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21 comments

21 Comments so far

  1. nunh February 27th, 2012 2:29 pm

    Very inspirational – thanks!

  2. KJ February 27th, 2012 3:56 pm

    That is very encouraging Ross. I’ve been following you for several years now and have yet to make any changes. Not because your program or any program for that matter doesn’t work in my case right now but, because I haven’t dug deep from within. My battle is with myself and nothing else. Thanx for the encouragment.

  3. Dan February 27th, 2012 7:30 pm

    Ross, when are you going to start posting Nietzsche quotes?

    I’ve spent a lot of time in Bolivia with soccer players there. It is standard for semi-professional players who are young adults or teenagers to play in cleats with holes, or have to take a year off from playing because they go from one team to another but the first owner won’t give up the player pass without the player paying $100, which the player won’t have. I could go on about this topic forever…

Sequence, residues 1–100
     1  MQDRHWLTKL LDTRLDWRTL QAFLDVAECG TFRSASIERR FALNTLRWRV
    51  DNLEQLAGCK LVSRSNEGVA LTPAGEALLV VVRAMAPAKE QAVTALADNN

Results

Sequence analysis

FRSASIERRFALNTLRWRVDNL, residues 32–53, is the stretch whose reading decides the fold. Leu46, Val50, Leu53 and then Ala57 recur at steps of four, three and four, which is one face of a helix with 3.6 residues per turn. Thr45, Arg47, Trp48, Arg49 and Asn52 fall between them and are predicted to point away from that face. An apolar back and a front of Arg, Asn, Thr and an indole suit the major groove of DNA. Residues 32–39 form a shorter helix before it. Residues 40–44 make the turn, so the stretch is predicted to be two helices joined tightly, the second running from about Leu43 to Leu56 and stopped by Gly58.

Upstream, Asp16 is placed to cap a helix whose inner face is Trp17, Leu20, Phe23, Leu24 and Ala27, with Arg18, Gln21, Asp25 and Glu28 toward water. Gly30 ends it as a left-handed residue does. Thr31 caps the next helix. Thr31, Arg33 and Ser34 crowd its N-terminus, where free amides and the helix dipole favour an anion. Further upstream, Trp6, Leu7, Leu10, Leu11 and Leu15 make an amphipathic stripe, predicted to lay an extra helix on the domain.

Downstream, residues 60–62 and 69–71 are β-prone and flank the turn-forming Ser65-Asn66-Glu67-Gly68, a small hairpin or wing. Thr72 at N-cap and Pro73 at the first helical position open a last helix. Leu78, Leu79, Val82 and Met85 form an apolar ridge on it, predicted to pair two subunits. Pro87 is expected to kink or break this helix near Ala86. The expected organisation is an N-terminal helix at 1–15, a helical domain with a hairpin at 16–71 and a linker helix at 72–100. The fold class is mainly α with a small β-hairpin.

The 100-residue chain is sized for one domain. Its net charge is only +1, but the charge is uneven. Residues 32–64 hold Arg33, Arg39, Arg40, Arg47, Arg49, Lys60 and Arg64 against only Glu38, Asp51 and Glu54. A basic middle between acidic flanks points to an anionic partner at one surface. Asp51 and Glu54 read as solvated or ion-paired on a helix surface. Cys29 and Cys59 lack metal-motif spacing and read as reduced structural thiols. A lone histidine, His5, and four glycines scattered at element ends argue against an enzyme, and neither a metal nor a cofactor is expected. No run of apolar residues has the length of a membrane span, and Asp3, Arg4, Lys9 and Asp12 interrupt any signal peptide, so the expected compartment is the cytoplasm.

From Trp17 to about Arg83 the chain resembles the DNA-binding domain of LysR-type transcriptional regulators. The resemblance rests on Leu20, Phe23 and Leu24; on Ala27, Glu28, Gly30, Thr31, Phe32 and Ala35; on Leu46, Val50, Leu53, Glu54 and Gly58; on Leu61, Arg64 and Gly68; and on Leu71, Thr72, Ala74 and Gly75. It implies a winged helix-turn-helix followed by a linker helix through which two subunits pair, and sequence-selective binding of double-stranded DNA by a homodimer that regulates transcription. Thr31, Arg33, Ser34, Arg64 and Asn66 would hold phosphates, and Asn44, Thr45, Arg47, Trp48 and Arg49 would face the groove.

I don’t think Bolivians are necessarily harder workers because of their forced suffering and sacrifice, but I do think they face reality whereas Americans can be bratty and a bit out of touch some of the time.

  4. Chris Pine February 27th, 2012 9:00 pm

    I definitely agree with you. Too many people want the quick fix.

    However, there are other times that people needlessly put themselves through too much pain for too little results.

    Like too much long distance jogging – which most people hate, when a few short sprints would be far more effective and less painful.

  5. Luis February 28th, 2012 8:52 am